Exploring the pathways of diabetes foot complications treatment and investigating experiences from frontline health care professionals: protocol for a mixed methods study

Elisavet Andrikopoulou, Panagiotis Chatzistergos*, Nachiappan Chockalingam

*Corresponding author for this work

Research output: Contribution to journalArticlepeer-review

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Background: Diabetes affects more than 4.3 million individuals in the United Kingdom, with 19% to 34% developing diabetes-related foot ulceration (DFU) during their lifespan, which can lead to an amputation. In the United Kingdom, every week, approximately 169 people have an amputation due to diabetes. Preventing first-ever ulcers is the most effective strategy to reduce the occurrence of diabetes-related amputations, but research in this space is lacking.

Objective: This protocol seeks to document the experiences and perspectives of frontline health care professionals who work with people who have diabetes and diabetes-related foot problems. Special attention is given to their perceptions of barriers to effective care, their views about barriers to effective and inclusive engagement with people with diabetes, and their experience with the first-ever DFU. Another aspect of the study is the focus on whether clinical management is affected by data sharing, data availability, and interoperability issues.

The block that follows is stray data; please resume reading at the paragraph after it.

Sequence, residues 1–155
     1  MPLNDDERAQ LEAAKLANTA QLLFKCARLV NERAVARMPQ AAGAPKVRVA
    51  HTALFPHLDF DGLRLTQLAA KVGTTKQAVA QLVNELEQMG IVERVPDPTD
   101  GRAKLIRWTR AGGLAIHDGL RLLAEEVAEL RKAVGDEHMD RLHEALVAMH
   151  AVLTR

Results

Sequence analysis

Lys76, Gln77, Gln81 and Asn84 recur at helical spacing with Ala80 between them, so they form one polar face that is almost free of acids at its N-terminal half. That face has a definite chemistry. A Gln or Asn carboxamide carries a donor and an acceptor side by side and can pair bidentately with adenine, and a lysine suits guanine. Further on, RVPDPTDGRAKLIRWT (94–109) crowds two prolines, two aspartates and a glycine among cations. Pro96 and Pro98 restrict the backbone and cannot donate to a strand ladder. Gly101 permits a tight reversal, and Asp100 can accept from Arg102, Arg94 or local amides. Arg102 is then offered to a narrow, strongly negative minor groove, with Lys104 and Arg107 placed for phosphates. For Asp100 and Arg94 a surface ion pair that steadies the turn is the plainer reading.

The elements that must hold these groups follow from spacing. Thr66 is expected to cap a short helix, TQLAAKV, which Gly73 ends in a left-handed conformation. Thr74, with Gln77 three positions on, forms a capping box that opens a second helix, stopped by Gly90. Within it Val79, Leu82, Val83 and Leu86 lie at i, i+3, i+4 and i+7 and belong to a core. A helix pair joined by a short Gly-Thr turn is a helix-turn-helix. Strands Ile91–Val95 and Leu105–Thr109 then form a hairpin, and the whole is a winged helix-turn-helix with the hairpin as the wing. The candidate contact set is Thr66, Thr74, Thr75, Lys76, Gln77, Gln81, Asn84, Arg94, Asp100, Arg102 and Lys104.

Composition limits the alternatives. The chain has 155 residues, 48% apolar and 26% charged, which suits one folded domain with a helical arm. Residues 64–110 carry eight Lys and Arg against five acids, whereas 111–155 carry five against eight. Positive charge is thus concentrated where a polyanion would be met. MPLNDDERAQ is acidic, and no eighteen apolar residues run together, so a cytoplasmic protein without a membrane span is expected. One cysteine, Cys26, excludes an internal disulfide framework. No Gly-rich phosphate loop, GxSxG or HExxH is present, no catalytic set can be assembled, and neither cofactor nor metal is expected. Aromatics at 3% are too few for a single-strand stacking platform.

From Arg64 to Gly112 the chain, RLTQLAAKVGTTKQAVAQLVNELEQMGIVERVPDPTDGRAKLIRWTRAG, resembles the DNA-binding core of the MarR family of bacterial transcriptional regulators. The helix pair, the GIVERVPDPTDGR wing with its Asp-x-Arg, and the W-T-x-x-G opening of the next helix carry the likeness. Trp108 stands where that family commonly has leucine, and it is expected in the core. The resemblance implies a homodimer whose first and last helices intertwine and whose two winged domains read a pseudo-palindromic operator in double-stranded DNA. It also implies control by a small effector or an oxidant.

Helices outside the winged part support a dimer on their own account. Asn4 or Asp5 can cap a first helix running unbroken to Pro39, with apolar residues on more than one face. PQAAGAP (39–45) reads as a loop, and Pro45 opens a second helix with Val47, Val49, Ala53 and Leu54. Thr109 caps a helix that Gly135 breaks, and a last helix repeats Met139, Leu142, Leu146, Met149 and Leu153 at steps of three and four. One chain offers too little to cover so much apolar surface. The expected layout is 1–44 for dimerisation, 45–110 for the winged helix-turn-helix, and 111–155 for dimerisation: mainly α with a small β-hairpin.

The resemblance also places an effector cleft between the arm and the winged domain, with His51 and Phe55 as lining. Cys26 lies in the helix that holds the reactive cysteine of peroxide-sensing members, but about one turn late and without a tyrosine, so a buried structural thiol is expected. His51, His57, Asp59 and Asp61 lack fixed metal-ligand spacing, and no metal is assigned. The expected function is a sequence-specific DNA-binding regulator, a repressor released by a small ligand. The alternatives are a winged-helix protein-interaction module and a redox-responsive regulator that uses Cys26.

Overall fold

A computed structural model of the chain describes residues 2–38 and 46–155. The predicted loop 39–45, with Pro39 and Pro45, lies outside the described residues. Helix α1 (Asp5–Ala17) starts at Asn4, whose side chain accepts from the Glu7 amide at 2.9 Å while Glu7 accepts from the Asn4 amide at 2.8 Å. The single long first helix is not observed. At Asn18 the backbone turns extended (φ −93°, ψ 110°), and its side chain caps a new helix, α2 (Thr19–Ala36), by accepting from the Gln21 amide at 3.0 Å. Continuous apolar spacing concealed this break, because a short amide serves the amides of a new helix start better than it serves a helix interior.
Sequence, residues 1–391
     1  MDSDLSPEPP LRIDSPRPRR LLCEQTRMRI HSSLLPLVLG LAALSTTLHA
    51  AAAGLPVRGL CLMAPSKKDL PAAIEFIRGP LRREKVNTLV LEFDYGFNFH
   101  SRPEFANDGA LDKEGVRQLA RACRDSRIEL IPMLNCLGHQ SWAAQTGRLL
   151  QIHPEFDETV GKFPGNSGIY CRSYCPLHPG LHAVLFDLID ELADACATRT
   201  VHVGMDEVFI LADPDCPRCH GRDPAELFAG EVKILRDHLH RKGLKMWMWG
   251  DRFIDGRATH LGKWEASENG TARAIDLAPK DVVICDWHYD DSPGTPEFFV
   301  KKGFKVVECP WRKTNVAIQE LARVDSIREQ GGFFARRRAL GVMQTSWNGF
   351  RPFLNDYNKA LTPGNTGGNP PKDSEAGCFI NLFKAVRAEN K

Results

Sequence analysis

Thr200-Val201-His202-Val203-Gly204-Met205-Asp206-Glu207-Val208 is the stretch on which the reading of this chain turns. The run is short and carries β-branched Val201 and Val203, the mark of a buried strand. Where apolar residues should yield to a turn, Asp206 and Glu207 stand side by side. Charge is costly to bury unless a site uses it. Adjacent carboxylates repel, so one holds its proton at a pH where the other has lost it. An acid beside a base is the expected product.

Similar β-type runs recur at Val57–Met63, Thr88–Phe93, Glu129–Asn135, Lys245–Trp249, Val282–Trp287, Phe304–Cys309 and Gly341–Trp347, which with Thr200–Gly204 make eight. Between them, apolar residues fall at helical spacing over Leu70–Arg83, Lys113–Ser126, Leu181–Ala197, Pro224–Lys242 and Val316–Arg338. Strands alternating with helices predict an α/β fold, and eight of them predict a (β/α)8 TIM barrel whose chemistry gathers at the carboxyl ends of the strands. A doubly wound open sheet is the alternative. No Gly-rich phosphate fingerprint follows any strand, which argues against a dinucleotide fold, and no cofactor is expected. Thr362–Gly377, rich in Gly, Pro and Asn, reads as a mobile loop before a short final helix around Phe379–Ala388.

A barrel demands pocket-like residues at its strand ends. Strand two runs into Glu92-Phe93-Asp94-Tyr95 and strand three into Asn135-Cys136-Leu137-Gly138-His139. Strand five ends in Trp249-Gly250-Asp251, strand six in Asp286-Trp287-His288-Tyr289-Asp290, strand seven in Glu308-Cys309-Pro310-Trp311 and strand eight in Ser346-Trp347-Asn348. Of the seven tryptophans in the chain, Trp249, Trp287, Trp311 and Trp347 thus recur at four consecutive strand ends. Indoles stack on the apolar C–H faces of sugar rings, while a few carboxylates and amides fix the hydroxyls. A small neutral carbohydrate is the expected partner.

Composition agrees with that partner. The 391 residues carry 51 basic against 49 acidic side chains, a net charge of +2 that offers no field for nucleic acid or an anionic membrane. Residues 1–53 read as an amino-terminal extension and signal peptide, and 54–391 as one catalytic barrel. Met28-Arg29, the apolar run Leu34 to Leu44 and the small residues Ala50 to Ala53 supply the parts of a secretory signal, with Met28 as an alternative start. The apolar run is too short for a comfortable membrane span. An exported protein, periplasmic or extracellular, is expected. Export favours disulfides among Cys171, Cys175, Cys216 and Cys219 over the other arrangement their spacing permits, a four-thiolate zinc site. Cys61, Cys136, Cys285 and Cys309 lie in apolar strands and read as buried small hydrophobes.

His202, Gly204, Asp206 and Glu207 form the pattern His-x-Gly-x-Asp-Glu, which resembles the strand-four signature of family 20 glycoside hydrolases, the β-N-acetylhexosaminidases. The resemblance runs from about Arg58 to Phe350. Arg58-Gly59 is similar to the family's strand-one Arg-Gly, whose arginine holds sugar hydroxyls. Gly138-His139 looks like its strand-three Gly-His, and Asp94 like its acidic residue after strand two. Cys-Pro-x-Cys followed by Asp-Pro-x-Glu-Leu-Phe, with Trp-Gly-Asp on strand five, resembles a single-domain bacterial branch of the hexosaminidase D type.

Methods: This is a mixed methods explanatory protocol, which is sequential, and its purpose is to use the qualitative data to explain the initial quantitative data collected through a survey of frontline health care professionals. Data analysis of quantitative data will be completed first and then synthesized with the qualitative data analysis. Qualitative data will be analyzed using the framework method. This study will use joint displays to integrate the data. Ethical approval has been granted by the ethics committee of Staffordshire University.

Results: The quantitative data collection started in March 2023 and will close in May 2024. The qualitative interviews commenced in November 2023 with volunteer participants who initially completed the survey.

Conclusions: This study’s survey focuses on data interoperability and the interviews focus more on the perspectives and experiences of clinicians and their perceived barriers for the effective management of diabetes foot ulcers. Including a geographically relevant and diverse cohort of health care professionals that spans a wide range of roles and care settings involved in diabetes-related foot care is very important for the successful application of this protocol. Special care is given to advertise and promote participation as widely as possible. The qualitative part of this protocol is also limited to 30-40 interview participants, as it is not realistic to interview higher numbers, due to time and resource constraints.
Original languageEnglish
Article numbere54852
Number of pages9
JournalJMIR Research Protocols
Publication statusPublished - 24 Apr 2024


  • diabetic foot
  • first-ever foot ulcer
  • qualitative
  • qualitative evaluation
  • Survey
  • acute care
  • primary care
  • community care
  • interviews
  • barriers
  • education
  • exploration
  • quality of life

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